Duluth, South Shore & Atlantic Railway

Railroad / Michigan

The Duluth, South Shore & Atlantic Railway (DSS&A) served the upper peninsula of Michigan, namely to carry iron or copper ore to smelters and docks along the shores of Lake Superior and Lake Michigan.


History

The earliest beginnings of the DSS&A trace to 1879-1881 when venture capitalists led the construction of the Detroit, Mackinac & Marquette (DM&M) from St. Ignace to Marquette. But by 1886, the DM&M was in receivership and was reorganized as the DSS&A in December 1886 by James McMillan of Detroit. McMillan had purchased many of the upper peninsula’s railroads and consolidated them into his new venture.

The Canadian Pacific Railway (CP) took control of the DSS&A in 1888 and between 1892-1894, the CP funded construction of the DSS&A west from the Keweenaw Peninsula to Duluth.

At the height of the DSS&A in 1911, it operated over 623 miles of track, of which 517 miles were mainline and 106 miles were branches and trackage rights. Freight operations peaked in 1913 when nearly one million tons were shipped, with over 50% of that being forestry products. In January 1958, with the opening of the Mackinac Bridge, the DSS&A ended all passenger operations. In 1961, the CP merged with the Minneapolis, St. Paul & Sault Ste. Marie Railroad (Soo) and the DSS&A became part of the Soo, which later became a part of the Canadian National Railway (CN).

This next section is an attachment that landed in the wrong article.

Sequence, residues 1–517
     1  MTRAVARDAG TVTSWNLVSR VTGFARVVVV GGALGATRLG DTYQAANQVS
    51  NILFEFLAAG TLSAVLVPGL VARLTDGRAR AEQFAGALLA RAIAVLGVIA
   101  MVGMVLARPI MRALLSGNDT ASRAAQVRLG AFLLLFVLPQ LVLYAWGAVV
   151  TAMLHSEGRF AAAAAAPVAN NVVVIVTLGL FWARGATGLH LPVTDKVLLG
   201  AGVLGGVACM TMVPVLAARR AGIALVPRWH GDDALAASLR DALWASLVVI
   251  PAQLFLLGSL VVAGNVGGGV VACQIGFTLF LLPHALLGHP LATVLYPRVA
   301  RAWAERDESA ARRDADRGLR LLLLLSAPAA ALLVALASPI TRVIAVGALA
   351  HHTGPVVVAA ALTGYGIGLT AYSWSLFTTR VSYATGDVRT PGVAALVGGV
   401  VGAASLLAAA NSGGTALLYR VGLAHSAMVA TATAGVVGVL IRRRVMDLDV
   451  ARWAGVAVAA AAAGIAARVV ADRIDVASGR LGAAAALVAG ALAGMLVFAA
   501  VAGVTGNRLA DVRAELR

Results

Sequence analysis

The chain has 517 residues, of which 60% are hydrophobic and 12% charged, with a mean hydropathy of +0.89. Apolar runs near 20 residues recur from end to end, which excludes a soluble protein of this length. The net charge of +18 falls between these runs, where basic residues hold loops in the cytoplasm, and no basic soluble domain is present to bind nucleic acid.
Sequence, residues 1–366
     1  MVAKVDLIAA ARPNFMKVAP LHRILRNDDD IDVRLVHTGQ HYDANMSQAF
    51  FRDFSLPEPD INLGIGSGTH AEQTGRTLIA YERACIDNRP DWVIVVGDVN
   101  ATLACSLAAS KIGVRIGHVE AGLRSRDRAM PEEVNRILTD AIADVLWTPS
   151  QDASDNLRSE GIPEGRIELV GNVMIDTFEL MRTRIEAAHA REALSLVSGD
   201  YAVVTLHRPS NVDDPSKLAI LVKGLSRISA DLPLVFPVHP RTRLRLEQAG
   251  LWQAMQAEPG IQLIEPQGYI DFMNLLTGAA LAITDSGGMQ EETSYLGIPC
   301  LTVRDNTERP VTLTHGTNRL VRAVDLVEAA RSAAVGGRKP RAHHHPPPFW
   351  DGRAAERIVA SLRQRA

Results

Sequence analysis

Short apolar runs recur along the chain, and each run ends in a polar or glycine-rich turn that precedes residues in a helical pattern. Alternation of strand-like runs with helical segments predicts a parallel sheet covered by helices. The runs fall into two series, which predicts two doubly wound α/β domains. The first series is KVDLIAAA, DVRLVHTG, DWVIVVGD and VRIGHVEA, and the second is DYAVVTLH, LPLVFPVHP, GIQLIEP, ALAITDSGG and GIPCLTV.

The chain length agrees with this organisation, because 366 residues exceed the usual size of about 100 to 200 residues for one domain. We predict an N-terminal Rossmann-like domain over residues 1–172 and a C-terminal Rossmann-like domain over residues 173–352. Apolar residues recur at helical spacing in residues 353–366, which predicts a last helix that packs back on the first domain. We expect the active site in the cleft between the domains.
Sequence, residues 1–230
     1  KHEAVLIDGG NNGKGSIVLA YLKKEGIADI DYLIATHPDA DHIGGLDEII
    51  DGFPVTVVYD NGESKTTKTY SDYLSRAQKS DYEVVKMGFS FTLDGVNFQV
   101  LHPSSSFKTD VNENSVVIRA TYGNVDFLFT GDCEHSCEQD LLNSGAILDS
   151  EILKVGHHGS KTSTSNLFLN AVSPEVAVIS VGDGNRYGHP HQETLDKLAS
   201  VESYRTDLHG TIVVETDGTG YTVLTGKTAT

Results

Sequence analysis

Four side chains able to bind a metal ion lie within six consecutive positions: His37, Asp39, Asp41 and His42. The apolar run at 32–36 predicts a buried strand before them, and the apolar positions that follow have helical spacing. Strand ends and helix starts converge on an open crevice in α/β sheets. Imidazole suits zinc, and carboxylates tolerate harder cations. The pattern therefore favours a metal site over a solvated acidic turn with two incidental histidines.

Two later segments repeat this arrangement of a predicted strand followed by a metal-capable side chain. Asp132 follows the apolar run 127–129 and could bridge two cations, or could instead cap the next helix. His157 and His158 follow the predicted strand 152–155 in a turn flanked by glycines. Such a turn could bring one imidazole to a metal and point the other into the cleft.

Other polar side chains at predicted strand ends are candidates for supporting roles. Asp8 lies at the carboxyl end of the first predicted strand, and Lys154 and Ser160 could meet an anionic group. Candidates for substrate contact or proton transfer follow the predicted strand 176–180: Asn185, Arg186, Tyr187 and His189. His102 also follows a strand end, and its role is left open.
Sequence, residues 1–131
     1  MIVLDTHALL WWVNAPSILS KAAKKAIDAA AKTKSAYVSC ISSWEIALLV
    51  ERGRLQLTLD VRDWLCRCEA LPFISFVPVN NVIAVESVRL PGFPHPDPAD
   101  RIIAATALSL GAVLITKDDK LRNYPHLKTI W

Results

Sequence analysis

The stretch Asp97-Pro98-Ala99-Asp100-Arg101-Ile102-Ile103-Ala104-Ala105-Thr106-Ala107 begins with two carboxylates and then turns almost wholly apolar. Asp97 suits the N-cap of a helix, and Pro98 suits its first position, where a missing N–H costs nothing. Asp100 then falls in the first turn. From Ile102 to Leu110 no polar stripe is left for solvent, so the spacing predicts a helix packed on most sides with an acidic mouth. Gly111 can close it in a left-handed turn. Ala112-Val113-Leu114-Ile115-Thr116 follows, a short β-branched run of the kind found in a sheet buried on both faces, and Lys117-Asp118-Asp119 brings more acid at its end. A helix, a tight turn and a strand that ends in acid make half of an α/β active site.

In early 1997, the Marquette to Munising Junction section, at the junction with the Lake Superior & Ishpeming Railroad, then operated by the Wisconsin Central, was taken out of service. 1 The tracks were dismantled beginning on December 22, 2001. DSS&A tracks are still in use east of Munising Junction to Trout Lake, and from Munising Junction north to Munising, among other destinations.


Gallery


Sources

  1. “Railroad History Timeline 1990-1999.” Michigan’s Internet Railroad History Museum. N.p., n.d. Web.11 Jan. 2012. Article.
  2. “Railroad History Timeline 2000-2009.” Michigan’s Internet Railroad History Museum. N.p., n.d. Web.11 Jan. 2012. Article.